Meet the startups representing the best of Northern Dutch tech

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The road to TNW Conference 2023 has started! With only five months to go until Europe’s leading tech festival, TNW is touring several up-and-coming tech hubs across the Netherlands to uncover the best of Dutch tech ahead of its the flagship conference in June.

First stop? Groningen. On Thursday, TNW’s event took place during the MXT 2023, in collaboration with Founded in Groningen and Founded in Friesland. This brought together startups, investors, corporates, and municipality representatives who shared how Dutch companies are enabling what’s next in tech in the Netherlands’ northern regions: Groningen, Friesland, and Drenthe.

Road to TNW Conference 2023

Among Dutch startup tech hubs, the North stands out due to its fast growth, with the three regions being home to more than 330 startups that generate over 5,000 jobs. Since 2018, Groningen has seen a 12% annual growth in the number of startups, followed by Friesland at 8%, and Drenthe at 4%.

“If you compare the current startup ecosystem in the North to ten years ago it’s completely different, especially in respect to collaboration. Startups, academia, and investors are now working closely together,” Niek Huizenga, Investor at G-Force Capital, said during the event. “Yet, we have to move forward faster and adopt a growth mentality to be even more competitive.”

“The North is ahead of the other regions in the fields that matter the most, such as energy solutions and agrifood — an advantage that we should be prouder of and communicate more,” Anne-Wil Lucas, Ecosystem Partner at NOM, added.

Road to TNW Conference 2023
Erwin Damberg, Private Lead at Founded in Friesland, before announcing the startups participating at the flagship conference in June.

The potential of the northern Netherlands to become one of the most attractive hubs in the country is also highlighted by the innovativeness of the five startups selected to represent the region in the TNW Conference 2023. These are:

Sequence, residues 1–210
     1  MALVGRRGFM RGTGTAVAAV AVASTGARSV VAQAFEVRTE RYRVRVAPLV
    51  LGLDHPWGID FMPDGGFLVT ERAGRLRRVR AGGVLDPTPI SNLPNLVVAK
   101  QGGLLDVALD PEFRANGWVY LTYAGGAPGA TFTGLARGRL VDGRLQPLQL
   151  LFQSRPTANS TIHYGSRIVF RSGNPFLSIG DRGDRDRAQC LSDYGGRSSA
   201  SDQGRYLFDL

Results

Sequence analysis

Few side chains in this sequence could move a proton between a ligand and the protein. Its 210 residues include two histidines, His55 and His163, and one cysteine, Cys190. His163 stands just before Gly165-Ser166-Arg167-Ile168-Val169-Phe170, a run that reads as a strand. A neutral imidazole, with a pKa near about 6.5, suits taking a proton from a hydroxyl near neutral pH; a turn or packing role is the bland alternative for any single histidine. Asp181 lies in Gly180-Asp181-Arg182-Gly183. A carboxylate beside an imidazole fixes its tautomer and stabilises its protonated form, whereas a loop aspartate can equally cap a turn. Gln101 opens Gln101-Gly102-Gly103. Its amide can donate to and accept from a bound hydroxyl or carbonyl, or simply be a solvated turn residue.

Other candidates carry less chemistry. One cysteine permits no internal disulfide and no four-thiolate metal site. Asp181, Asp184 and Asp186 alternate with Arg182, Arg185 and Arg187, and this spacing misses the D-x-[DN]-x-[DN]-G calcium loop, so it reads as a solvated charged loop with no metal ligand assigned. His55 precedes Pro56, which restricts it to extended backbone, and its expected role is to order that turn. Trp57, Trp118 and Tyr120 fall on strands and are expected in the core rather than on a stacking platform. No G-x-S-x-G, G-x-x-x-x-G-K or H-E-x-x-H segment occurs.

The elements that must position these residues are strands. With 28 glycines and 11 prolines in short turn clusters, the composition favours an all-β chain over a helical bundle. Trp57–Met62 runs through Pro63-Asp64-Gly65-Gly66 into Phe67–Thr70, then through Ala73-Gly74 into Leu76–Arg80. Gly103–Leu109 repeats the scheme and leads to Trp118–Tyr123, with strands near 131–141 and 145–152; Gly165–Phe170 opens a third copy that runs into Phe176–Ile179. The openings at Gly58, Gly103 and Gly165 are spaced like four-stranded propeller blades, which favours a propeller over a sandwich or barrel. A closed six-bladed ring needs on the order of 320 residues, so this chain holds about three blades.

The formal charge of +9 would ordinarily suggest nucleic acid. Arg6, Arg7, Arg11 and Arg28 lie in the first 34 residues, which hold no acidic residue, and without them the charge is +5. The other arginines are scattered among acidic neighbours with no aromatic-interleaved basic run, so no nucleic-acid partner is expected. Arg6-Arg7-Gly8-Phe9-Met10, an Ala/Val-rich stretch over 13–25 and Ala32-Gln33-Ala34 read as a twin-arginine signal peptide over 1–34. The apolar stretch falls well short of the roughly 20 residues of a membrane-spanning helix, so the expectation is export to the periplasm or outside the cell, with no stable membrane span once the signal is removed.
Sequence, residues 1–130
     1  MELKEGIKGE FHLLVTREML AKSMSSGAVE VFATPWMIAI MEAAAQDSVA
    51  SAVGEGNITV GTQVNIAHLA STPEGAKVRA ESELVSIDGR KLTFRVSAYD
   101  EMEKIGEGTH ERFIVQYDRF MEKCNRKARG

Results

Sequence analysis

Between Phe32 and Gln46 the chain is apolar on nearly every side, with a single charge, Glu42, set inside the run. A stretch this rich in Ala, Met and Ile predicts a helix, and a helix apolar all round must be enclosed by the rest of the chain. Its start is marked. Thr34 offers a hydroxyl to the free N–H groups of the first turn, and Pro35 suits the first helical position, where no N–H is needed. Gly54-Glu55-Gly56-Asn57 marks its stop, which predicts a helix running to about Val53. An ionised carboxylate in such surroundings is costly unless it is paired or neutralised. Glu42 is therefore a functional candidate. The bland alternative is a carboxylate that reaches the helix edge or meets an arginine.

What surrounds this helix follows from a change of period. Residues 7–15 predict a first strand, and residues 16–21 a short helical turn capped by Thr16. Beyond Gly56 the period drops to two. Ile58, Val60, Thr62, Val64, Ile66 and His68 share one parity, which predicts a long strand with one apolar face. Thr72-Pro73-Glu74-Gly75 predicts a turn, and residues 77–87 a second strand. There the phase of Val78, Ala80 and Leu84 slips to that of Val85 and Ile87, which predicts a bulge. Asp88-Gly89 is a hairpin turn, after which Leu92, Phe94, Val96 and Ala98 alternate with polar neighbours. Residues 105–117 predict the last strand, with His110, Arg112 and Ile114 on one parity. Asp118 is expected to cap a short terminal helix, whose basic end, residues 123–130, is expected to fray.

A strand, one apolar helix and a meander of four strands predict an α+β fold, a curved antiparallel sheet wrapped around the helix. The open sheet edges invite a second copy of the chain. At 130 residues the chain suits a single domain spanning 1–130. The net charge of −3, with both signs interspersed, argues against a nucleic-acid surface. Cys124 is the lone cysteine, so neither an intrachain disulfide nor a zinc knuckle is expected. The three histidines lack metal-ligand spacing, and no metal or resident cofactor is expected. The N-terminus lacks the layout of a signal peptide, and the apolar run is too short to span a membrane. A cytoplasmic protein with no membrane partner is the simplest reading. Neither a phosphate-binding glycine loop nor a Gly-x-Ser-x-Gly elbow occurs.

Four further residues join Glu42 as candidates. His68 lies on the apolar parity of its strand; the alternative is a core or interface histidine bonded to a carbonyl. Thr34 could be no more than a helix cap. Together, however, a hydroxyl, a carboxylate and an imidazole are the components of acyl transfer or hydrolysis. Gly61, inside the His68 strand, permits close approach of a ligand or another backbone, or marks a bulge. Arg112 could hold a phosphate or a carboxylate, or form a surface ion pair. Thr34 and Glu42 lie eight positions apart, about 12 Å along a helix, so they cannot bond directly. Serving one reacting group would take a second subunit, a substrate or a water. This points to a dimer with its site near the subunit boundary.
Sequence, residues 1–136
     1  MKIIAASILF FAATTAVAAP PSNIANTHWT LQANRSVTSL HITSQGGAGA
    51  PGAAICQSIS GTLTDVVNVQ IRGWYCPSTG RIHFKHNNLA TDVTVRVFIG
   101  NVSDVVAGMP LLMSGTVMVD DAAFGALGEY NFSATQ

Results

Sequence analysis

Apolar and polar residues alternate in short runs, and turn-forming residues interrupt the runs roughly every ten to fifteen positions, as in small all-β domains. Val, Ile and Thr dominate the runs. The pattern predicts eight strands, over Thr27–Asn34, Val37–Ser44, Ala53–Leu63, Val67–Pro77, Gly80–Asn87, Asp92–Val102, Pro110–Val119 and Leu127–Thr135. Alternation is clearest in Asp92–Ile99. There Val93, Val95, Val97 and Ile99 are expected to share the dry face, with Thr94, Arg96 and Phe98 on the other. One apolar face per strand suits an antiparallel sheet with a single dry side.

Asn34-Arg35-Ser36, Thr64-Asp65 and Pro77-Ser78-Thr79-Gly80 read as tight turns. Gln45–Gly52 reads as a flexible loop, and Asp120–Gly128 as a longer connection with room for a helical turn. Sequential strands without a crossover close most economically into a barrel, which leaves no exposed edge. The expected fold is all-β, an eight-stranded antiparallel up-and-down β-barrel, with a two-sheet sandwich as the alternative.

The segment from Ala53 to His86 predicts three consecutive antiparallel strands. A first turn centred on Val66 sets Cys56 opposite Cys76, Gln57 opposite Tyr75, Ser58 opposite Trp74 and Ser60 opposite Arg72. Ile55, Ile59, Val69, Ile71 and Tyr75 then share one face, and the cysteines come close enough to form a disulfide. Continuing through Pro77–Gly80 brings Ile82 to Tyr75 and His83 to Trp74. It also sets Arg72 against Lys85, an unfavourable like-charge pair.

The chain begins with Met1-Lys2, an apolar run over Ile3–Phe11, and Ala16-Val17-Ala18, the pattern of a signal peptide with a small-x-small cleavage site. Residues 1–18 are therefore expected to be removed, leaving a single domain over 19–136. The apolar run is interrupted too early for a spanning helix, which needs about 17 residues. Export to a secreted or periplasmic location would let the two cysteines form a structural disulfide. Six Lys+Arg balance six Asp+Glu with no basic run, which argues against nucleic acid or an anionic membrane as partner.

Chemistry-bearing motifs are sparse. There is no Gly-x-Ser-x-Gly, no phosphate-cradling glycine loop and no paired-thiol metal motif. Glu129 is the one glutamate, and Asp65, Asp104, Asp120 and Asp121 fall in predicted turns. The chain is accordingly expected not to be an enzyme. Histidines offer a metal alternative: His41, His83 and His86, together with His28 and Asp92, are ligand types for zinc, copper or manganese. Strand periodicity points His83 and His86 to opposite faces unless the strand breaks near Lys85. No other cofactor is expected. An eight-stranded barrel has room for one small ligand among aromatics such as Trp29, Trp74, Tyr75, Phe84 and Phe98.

Enatom (Groningen)

After almost ten years of collaboration with the University Medical Center Groningen (UMCG), Enatom has developed a next-gen anatomy app for the medical education sector.

Using pointcloud techniques and anatomical preparations provided by the UMCG, the app offers a realistic 3D visualization of the human body that can be used in computers, tablets, and VR/AR glasses. Within the app, anatomical preparations can be studied all the way around, while it’s also possible to annotate and create notes on the 3D models.

This way, the Enatom app can be used by both teachers and students, facilitating flexible access to accurate knowledge in low-resource settings and releasing the pressure on the educational healthcare system.

As for Nuwa’s participation in the TNW conference, Tuinier believes that it’ll not only provide the company with a strong network, but also further attract interest and investment in the northern Netherlands.

HIHAHO (Assen)

The company has developed an interactive video platform that’s all about engagement. Instead of offering a set, linear tool, the platform allows the user to be in charge.

According to HIHAHO’s CEO and owner Mark Visser, the platform’s competitive advantage is the way its technology is built, making them the “only ‘intel inside’-like solution in online interactive video worldwide.”

“Our interactive layer technology is synchronized with all major online video players and video platforms. On the layers and therefore in the videos, you can create more than 20 different types of interactions, among which the possibility to integrate existing web applications like webshops for merchandise, e-learning tests, etc,” he added.

Here’s how the video platform works:

HIHAHO now has a world-wide customer base of early adopters, and aims to become a leader in verticals such as entertainment, learning, marketing, and public information.

The team expects the conference to help attract further interest from potential partners and investors, Visser told TNW.

SusPhos (Leeuwarden)

SusPhos is using chemistry to create a better world. Specifically, the startup upcycles phosphate-rich waste streams to generate high-quality alternatives that can replace current fossil-sourced products — all in a waste-free process.

The company’s patented technology is compatible with various waste streams including agriculture, communal, and the food and beverage industry. Its first products will be flame retardants and specialty fertilizers.

In addition to phosphate products, SusPhos produces recycled coagulants along with other chemicals, while it’s currently preparing its first full-size plant.

Aeroscan (Leeuwarden)

This startup aims to disrupt the real estate inspection and maintenance industry. Using data collected from drones, Aeroscan produces 3D renderings of buildings. Customers can make use of a dedicated web-based application to gain access to these insights.

According to Mark Nikolai, founder and Technical Director of the company, the technology has three main points of impact: it reduces the time needed for experts to generate maintenance reports, it decreases the logistical footprint by allowing digital sharing of 3D visualizations, and, as a result, it lowers the overall cost of real estate ownership.

Aeroscan’s competitive advantage lies in “the combination of in-house competencies,” Nikolai told TNW. “We control the data quality (input), develop our own custom machine learning models for data analysis and deliver an end-user centric web application.”